March 2, 2009
Cardinal Walter Kasper, president of the Pontifical Council for Promoting Christian Unity, will deliver the Godfrey Diekmann, OSB, Lecture and receive the Pax Christi Award from Saint John’s Abbey and University at 8 p.m. Monday, March 23, at the Abbey Church. The presentation and lecture are free and open to the public.
Cardinal Kasper was ordained a priest for the Diocese of Rottenburg-Stuttgart in 1957 and became bishop for that diocese in 1989. He was created a cardinal in February 2001 and has been the president of the Pontifical Council for Promoting Christian Unity since March 2001. He holds a doctorate in theology from the Theological Faculty of Tübingen, was an assistant to Leo Cardinal Scheffczyk and the Rev. Hans Küng, and taught dogmatic theology and was dean of the theological faculty in Münster and later in Tübingen before he became a bishop.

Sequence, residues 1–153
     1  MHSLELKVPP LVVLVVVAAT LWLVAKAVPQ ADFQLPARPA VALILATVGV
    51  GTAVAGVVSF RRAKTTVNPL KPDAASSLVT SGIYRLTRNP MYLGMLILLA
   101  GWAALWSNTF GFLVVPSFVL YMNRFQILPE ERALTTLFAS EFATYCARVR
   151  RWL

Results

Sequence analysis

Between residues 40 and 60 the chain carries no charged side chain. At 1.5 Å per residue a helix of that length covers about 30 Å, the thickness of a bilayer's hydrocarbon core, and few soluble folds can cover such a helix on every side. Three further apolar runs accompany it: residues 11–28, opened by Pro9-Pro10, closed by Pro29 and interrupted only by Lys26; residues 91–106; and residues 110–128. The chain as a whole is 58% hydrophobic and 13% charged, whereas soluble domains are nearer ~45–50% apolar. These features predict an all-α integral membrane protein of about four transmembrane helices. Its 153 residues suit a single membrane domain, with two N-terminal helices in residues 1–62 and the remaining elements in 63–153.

As the highest honor awarded by Saint John’s Abbey and University, the Pax Christi Award recognizes those who have devoted themselves to God by working in the tradition of Benedictine monasticism to serve others and to build a heritage of faith in the world.
The Godfrey Diekmann, OSB, Lecture is the annual lecture sponsored by The Godfrey Diekmann, OSB, Center for Patristics and Liturgical Studies. The Diekmann Center was created to honor the life and work of the Rev. Godfrey Diekmann, OSB (1908-2002), one of the 46 theologians chosen from around the world to prepare the schema on liturgy during the Second Vatican Council. A lifetime Minnesota resident, Diekmann entered Saint John’s Abbey at the age of 17 in 1929. He taught theology at Saint John’s University for 65 years before retiring in 1998.
The Diekmann Center seeks to deepen contemporary understanding of the early Christian theologians of the first seven centuries A.D. Their vision of the Christian life is explored through research and educational endeavors including a public lecture series and seminars for students, scholars and pastoral ministers. The Diekmann Center promotes theological learning that engages both the mind and the heart. The wisdom of the early Christian writers bears witness that the study of theology must be steeped in prayer and reflection within a community of learners.